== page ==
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Entries in teens (2)

Thursday
Jan012015

1 January 2015 -- unfinished business

basement stairs, work in progress

A little less than a year ago, I started a beat-the-winter-blues project of painting our plain wooden basement stairs. I picked tangerine, colbalt, turquoise and cream, colors you might find on Scandinavian folk art ponies. Cheerful colors. I did a combination of freehand and stencil, with my phone on speaker, passing the time chatting with my dad as I went. Somewhere between the third and fourth step was March 28, the day my dad did not call for the Morning Report.

 

After that, I stopped painting the stairs.

Every time I go down to shake my sleepy new teenager awake, fetch a roll of paper towel or some spare hockey equipment, I see this half-finished project, and it drives me bonkers. So I doggedly move -finish basement stairs- from 'To Do' list to 'To Do' list each week, but the prospect of sitting there painting without my dad's virtual company is too much.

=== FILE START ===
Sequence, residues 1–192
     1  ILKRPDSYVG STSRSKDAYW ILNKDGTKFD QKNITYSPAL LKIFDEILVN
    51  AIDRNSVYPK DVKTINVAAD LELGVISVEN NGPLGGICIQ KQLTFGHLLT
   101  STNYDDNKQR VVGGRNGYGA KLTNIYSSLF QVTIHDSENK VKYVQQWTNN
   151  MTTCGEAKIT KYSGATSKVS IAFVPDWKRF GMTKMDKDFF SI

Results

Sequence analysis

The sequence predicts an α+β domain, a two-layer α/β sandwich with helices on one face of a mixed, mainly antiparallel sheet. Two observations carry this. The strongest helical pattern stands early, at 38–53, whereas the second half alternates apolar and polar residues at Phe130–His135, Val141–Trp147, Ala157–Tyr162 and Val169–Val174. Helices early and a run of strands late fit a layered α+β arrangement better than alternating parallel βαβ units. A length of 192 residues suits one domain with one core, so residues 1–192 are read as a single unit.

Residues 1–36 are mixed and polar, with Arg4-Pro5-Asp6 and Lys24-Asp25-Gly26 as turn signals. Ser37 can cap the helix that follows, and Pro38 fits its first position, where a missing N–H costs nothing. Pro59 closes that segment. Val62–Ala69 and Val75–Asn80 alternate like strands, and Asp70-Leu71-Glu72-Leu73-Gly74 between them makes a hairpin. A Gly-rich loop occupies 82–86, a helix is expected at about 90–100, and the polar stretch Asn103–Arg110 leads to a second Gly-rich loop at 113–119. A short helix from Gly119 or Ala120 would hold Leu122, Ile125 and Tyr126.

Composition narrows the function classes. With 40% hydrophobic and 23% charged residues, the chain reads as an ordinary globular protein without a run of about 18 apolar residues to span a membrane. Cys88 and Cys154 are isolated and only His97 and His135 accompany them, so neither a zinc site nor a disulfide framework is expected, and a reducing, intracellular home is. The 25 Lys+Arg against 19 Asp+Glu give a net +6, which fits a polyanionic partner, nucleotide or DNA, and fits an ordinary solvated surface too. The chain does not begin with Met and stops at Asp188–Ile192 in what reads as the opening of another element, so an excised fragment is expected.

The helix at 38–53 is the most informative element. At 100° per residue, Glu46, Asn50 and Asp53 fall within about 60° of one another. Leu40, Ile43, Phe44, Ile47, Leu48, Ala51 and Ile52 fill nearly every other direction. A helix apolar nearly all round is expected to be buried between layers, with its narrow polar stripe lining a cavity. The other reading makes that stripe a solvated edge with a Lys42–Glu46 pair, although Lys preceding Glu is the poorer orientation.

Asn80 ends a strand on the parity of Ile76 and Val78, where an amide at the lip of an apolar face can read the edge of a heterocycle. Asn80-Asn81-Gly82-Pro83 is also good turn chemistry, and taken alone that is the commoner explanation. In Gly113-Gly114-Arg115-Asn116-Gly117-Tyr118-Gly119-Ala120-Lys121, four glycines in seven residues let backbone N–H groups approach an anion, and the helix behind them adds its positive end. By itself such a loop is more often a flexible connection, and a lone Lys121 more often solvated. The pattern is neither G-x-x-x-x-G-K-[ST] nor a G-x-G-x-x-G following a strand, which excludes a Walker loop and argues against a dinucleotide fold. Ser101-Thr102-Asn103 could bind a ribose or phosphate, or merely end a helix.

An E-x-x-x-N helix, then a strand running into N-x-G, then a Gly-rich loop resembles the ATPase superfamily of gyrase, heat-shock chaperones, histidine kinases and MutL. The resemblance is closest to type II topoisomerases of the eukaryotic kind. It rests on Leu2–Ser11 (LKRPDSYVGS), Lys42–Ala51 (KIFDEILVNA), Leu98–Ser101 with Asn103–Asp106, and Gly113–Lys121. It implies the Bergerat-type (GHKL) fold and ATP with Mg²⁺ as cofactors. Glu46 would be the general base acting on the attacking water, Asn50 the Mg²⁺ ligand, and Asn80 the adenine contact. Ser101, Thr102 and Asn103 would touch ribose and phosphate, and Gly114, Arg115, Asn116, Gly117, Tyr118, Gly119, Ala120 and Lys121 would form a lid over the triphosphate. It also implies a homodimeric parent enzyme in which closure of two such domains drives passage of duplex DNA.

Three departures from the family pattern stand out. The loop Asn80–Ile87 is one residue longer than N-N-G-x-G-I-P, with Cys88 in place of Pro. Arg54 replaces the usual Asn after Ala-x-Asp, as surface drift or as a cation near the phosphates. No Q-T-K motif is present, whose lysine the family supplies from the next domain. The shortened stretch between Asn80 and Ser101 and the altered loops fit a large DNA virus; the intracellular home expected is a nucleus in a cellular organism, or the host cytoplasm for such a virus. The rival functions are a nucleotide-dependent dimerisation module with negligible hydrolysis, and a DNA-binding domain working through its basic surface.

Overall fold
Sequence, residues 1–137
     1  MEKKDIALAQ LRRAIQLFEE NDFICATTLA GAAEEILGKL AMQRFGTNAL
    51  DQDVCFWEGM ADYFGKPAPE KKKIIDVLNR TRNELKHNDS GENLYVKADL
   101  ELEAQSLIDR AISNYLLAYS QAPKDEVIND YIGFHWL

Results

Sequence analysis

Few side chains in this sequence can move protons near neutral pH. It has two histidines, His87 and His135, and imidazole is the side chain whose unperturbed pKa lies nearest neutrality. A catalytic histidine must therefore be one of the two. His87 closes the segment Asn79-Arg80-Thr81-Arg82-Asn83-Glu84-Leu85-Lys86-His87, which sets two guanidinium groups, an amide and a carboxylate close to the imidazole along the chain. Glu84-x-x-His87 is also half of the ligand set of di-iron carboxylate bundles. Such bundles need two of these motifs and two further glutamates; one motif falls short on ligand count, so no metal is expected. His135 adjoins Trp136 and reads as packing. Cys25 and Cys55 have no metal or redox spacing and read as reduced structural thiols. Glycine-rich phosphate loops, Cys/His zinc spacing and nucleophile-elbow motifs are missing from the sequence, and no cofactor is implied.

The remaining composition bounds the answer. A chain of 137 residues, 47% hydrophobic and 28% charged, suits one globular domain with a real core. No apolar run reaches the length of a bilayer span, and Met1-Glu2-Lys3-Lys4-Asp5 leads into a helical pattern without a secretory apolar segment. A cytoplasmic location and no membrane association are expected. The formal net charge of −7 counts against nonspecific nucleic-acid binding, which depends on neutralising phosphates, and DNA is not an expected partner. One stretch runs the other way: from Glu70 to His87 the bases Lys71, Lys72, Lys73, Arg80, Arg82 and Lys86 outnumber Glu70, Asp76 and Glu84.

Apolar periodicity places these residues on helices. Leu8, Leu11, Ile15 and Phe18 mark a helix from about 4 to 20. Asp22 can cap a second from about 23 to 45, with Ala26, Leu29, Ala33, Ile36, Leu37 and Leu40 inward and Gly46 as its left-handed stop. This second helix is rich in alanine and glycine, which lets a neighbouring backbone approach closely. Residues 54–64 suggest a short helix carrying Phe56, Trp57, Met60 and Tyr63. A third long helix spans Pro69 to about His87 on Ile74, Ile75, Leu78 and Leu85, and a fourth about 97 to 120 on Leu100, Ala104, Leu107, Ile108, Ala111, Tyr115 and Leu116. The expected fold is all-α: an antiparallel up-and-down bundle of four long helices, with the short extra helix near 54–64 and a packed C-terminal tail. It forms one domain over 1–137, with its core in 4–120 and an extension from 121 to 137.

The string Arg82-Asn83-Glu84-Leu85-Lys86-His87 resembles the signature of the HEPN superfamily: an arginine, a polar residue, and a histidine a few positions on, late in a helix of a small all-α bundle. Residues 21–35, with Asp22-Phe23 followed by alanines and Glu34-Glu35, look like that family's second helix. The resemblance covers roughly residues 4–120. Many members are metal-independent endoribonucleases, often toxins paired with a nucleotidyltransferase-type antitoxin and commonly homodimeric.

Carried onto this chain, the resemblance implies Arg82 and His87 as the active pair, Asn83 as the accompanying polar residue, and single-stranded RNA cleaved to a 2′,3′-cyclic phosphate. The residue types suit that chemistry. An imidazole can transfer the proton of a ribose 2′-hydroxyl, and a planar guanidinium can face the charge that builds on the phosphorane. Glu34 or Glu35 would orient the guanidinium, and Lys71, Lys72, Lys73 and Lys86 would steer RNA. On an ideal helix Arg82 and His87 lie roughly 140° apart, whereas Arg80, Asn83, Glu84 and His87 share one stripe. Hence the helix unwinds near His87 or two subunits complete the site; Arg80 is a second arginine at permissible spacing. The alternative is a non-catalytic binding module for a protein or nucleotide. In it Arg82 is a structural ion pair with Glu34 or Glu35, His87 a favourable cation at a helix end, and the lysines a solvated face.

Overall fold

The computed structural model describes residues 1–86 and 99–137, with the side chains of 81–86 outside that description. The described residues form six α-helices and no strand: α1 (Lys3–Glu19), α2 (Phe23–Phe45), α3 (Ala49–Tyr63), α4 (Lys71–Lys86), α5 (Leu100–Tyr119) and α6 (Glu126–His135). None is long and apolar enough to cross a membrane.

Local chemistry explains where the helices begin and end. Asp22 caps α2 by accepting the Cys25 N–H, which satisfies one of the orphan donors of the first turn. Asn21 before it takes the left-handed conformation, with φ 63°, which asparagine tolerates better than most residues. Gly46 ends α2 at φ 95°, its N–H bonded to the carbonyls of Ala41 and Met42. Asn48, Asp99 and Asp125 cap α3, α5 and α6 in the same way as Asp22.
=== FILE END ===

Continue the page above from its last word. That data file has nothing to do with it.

When I look around, I see dozens of half-completed projects from this year. Most recently, the Christmas eve pajamas I was sewing for the guys in my life sit in a flannel jumble, waiting for hems and elastic, right next to the school pants that need a button and the jeans that need hemming. There are my dad's old clothes that I mean to sew into something memorable for my siblings and half-siblings. Come to think of it, I meant to do the same with textiles of my grandmother's, and Cherry's too.

My studio looks like the fallout from a paper airplane dogfight. My laptop and phone both teeter on the precipice of electronic disaster, waiting for me to back things up. And don't get me started on what's going on in my iPhoto, my dropbox, and the junk drawers in my kitchen.

 

On this blog alone, I have seventeen unfinished posts from the last year. There are those celebrating my boys' transitions to teendom and double digits. Ones about my full-circle return to horses (after a fifteen-year-hiatus, they are back in my daily life), and literature, (via my teaching position at Bryn Athyn College). I wrote one celebrating Piper overcoming her accident last summer and continuing to ride horses, compete, and win. I have several love song posts--poetic tributes to my husband, our beloved Hoffmans Happy Hens, and El Presidente, the feral fat cat we acquired from my dad in April. And of course, I have my attempts at probing into the pain of losing my father--a blog post called Mixed Nuts, with his famous holiday nut recipe, and photos of me unintentionally doing my best grumpy cat, sulking in the back of family gatherings, aching with the gaping lack of his presence.